In addition, the secreted virulence factor, alpha toxin (AT) which causes cellular death by the formation permeable pores in the plasma membrane, is targeted by two anti-staphylococcal mAbs currently undergoing efficacy trials (Berube and Wardenburg, 2013; Oganesyan et al., 2014). This prospective therapy has demonstrated prophylactic protection in Staphylococcus aureus pneumonia mouse models (Hua et al., 2014; Sause et al., 2016).
Furthermore, scFvs to the spirochete Borrelia have been found to have direct bactericidal effects (Larocca et al., 2008). Similarly, an anti-idiotype antibody that mimics yeast killer toxin has also been described to have direct cell-killing effects against an array of broad spectrum bacteria along with yeast, fungi and mycobacteria (Conti et al., 2000). Such antibodies may overcome the necessity for a competent host immune response for efficacy. More often, however, antibacterial antibodies rely on recruitment of varying antibody-directed immune effector functions such as; initiating antibody-directed cellular cytotoxicity (ADCC), activating the complement cascade, and inducing oxidative bursts. Moreover, all antibody variable regions are able to catalyze redox reactions resulting in the generation of potent oxidizing agents that directly harm bacteria (Wentworth et al., 2003). This process causes inflammation which further enhances the immune response by recruitment of immune system elements (Babior et al., 2003).
Different antibody formats consisting of an antibody binding fragment conjugated to varying effector molecules like radionuclides (radioimmunotherapy/RITs), drugs (antibody-drug conjugates/ADCs), toxins (immunotoxins) and enzymes (antibody-directed enzyme prodrug therapy/ADEPT) are referred to as antibody conjugates. Conjugated mAbs are used to deliver one of these effector molecules specifically to infected cells while limiting the side effects of off-target drug delivery (Weiner et al., 2012).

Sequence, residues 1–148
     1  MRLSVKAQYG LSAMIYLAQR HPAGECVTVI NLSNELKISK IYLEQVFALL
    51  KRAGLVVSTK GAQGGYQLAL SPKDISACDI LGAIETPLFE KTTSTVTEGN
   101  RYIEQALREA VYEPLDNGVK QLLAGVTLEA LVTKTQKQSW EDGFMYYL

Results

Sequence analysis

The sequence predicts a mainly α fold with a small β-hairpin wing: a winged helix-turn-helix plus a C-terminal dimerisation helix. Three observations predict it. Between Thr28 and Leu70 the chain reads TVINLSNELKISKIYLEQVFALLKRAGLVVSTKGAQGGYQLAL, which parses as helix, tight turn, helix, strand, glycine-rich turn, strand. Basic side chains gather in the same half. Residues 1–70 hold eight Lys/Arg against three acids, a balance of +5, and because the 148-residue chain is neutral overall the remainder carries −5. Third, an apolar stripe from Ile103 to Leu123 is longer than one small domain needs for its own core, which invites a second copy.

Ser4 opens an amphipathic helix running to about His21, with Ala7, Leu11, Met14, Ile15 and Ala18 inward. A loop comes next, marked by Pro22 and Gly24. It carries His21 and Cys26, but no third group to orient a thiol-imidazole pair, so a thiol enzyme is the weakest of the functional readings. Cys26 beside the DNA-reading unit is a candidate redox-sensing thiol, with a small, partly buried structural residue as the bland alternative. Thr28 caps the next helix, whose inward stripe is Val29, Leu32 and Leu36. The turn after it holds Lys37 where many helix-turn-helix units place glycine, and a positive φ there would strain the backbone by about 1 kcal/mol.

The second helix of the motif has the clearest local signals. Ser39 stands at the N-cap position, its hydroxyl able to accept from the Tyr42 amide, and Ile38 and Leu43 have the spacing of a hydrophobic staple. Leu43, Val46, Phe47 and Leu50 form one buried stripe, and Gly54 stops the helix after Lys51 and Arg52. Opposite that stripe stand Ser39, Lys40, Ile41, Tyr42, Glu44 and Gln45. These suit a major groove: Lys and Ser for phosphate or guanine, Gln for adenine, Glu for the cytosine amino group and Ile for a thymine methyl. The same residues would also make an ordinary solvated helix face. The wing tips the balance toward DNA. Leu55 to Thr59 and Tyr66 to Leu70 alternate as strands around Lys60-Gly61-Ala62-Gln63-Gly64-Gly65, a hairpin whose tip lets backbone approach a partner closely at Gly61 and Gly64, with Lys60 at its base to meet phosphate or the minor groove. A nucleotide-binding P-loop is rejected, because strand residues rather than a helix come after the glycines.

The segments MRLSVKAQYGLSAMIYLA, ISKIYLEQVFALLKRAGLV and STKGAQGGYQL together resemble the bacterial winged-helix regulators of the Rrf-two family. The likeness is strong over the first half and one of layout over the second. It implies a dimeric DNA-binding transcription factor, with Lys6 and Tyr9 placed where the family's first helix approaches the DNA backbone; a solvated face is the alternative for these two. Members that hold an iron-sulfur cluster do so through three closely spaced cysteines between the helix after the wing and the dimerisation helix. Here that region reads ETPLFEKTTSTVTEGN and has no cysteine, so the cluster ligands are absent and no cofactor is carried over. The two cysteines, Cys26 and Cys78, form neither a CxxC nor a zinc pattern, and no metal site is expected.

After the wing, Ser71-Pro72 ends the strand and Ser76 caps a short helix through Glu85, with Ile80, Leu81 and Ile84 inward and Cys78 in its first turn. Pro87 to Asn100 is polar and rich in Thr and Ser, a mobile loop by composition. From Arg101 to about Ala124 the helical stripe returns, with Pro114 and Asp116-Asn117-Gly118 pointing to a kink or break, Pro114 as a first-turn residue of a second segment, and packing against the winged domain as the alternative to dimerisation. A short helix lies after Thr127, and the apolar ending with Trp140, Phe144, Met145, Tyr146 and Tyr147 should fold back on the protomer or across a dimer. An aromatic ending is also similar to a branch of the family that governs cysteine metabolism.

The first effective form of targeted cancer therapy was131I, a β-particle emitter that also emits small amounts of γ-radiation. It was used for treatment of thyroid cancer because of its specificity for elemental iodine in the thyroid. The success of this treatment led researchers to explore various carrier molecules including mAbs which could be utilized for targeted delivery of radioisotopes to infected cells (Weiner, 2015). The first 2 FDA approved conjugated antibody therapies, were radioimmunotherapies, both for the treatment of hematological malignancies. These RITs were 90Y-ibritumomab tiuxetan and 131I-tositumomab, both targeting CD20 for treatment of relapsed and/or rituximab-refractory follicular or low-grade lymphomas. There are a number of other RITs in development, several of which target solid tumors (Weiner, 2015). Surface receptors (non-internalizing) are sufficient for treatment with RITs as internalization is not required by all RITs to induce killing of target cells (Illidge and Johnson, 2000). In addition, while most antibody-based therapies rely on targets with high binding affinity, RITs may be more effective against diseased cells with lower binding affinity targets; therapeutic proteins with high binding affinity will likely bind the first target receptor it contacts, predicted to be on the periphery of the tumor, and given its high affinity, will not penetrate deeper into the tumor thus resulting in radiation exposure to a higher number of healthy cells circulating around the tumor. However, lower binding affinity targets may permit better tumor penetration by allowing the therapeutic protein to move from one target expressing cell to the next, within the tumor microenvironment (Allen, 2011).